Pressure and pain in your ears during a flight can be extremely annoying, even painful. And almost as unpleasant is having to wait another 12 hours, or longer, before being able to hear normally again. I’d like to give you some background information on this phenomenon, as well as some tips and tricks on how to prevent it, or minimise its effects.



How do our ears work?

Our ears enable us to hear sounds, which are actually vibrations in the air. These vibrations travel through the ear canal to a thin membrane called the eardrum, which also hermetically seals the ear canal from within. On the other side of the eardrum is a tube called the Eustachian tube, which runs from the inner ear to the back of our nose/throat, where it can vent to the air outside. This tube allows air to flow to or from the inner ear, depending on whether the pressure in the inner ear is higher or lower than ambient air pressure. An obvious precondition is that the Eustachian tube cannot be blocked! This can happen, for example, if it is obstructed by mucus or inflammation due to a cold, hay fever or perhaps a respiratory infection.

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What happens in our ears when an aircraft climbs?

As the aircraft climbs the air pressure inside the cabin gradually decreases until it reaches the level at which it will remain for the rest of the flight (at cruising altitude). Because this air pressure will be lower than it was at ground level it means that some of the trapped air must be allowed to escape from the inner ear. If it doesn’t, the slightly higher pressure will cause the eardrum to bulge outwards. If all goes well, the overpressure air in the inner ear simply escapes via the Eustachian tube. It’s easier for this tube to exhaust air than to suck it in, which is why hardly anyone has problems with their ears when an aircraft is climbing.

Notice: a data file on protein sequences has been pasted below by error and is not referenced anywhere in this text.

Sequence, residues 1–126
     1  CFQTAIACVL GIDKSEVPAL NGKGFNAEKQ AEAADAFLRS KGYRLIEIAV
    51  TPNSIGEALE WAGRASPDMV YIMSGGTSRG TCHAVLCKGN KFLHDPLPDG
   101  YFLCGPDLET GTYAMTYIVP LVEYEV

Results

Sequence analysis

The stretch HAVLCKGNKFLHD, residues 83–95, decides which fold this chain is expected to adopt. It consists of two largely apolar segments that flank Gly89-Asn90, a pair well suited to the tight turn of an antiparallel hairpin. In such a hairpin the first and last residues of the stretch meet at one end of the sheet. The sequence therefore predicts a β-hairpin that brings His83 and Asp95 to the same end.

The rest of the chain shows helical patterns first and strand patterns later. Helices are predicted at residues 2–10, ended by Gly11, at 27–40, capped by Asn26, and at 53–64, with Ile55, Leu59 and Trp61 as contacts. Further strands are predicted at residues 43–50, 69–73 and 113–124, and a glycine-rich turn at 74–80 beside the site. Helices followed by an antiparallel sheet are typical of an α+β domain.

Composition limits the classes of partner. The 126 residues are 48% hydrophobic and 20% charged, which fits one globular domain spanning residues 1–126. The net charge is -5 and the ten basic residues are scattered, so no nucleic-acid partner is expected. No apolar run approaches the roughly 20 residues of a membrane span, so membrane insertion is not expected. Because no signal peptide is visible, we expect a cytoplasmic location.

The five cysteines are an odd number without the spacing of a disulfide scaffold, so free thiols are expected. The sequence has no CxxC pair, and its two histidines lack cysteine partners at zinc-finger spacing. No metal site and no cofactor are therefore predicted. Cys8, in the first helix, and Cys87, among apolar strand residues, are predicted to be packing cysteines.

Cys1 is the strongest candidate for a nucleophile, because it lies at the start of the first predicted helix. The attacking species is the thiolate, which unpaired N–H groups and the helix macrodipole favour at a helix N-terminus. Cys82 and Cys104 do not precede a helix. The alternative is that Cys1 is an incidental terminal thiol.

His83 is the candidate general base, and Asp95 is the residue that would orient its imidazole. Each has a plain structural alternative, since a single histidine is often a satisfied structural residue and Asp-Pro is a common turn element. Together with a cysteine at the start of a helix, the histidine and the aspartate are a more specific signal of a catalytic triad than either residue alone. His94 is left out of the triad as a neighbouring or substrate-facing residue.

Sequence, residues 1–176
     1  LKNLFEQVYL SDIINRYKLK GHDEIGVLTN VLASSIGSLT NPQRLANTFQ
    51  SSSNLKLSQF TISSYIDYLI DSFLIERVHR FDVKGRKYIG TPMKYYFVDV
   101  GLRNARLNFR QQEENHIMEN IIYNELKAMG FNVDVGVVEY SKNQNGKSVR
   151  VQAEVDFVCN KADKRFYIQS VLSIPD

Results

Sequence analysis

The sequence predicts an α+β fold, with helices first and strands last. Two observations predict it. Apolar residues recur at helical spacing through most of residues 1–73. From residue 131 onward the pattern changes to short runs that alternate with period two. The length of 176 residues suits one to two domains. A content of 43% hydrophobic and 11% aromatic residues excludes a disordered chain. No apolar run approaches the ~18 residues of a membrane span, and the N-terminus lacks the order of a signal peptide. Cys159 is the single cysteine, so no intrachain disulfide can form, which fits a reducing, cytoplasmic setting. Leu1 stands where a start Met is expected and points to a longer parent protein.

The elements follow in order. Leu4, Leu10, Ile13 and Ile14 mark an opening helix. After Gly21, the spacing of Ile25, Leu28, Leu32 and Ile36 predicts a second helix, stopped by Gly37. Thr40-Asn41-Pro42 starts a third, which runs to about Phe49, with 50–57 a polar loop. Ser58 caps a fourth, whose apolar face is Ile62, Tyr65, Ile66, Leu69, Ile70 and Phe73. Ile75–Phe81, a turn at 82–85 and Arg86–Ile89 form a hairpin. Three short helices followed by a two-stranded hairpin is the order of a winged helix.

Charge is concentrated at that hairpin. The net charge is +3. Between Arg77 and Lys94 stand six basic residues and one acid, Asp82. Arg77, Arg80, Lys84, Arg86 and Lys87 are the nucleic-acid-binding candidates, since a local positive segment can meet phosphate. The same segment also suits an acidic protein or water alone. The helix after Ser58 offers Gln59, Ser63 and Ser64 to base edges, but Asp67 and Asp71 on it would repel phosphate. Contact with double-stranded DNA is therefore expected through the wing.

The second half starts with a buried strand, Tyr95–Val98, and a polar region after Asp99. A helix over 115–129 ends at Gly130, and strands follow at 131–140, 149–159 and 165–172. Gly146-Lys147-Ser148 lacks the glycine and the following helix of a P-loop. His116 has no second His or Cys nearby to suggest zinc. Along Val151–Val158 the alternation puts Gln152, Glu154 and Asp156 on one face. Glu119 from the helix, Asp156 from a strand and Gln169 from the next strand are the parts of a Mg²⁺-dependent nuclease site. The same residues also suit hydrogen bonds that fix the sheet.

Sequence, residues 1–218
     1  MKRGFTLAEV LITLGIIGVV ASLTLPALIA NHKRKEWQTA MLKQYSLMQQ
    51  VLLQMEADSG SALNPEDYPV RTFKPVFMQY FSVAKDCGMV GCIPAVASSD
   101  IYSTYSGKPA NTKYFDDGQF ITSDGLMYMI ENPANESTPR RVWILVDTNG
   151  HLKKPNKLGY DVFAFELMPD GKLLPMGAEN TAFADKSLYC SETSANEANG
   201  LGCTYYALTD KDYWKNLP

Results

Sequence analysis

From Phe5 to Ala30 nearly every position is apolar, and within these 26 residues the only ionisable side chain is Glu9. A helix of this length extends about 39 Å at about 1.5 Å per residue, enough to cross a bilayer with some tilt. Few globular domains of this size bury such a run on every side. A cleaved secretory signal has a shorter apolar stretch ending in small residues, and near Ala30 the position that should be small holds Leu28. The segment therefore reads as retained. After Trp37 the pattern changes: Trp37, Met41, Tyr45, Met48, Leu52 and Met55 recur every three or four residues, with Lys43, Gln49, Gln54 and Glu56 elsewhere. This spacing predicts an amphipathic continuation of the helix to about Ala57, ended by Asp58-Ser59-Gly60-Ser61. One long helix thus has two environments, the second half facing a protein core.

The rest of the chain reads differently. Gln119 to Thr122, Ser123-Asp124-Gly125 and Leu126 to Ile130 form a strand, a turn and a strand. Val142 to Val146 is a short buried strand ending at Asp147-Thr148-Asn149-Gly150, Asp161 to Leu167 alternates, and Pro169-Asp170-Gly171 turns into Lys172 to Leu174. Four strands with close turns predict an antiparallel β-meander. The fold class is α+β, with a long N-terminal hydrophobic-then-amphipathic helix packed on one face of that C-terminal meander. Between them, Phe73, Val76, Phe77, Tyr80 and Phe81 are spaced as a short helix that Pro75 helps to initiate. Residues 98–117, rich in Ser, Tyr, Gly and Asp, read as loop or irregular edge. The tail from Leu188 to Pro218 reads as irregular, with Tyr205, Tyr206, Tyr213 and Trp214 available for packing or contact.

What happens in our ears when an aircraft descends?

As the aircraft descends the air pressure inside the cabin will gradually increase, so the rising air pressure will push the eardrums inwards. To counter this, the air pressure on the other side of the eardrums, in the inner ear, must also increase. To enable this to happen air must be sucked in through the Eustachian tube.

What is happening when you have problems with your ears during a flight?

If you are suffering from a cold or hay fever, the mucous membrane in the Eustachian tube can become swollen and impede the flow of air through it. Consequently, when the aircraft is descending the air pressure behind the eardrum, in the inner ear, will remain too low and will not be able to counteract the increasing cabin air pressure that is pushing the eardrums inwards. Initially you will feel this as pressure and later as pain. Furthermore, because the eardrum will be under constant pressure, it will no longer be able to vibrate freely. So you won’t be able to hear properly either.

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Tips and tricks to avoid ear problems

  • Swallowing and yawning opens the Eustachian tube so that air will be able to reach the inner ear during descent.
  • Even if you keep having problems long after the landing, it will still help when you keep swallowing.
  • There are a few other methods, such as blowing your nose, chewing gum, or drinking while pinching your nose closed. Whichever of these methods you find works best for you should be repeated a few times during the complete descent. We refer to all these methods as “coping”. Air is more likely to flow up the Eustachian tube if you swallow, yawn or chew.
  • Try this: breathe in, then gently breathe out with your mouth closed while pinching your nose (it’s known as the Valsalva manoeuvre). In this way, no air will be exhaled but you will be gently pushing air into the Eustachian tube. While doing this you may feel your ears go “pop” as air is pushed into the inner ear. This often solves the problem. Repeat the procedure every few minutes while landing – or whenever you feel any discomfort in your ears.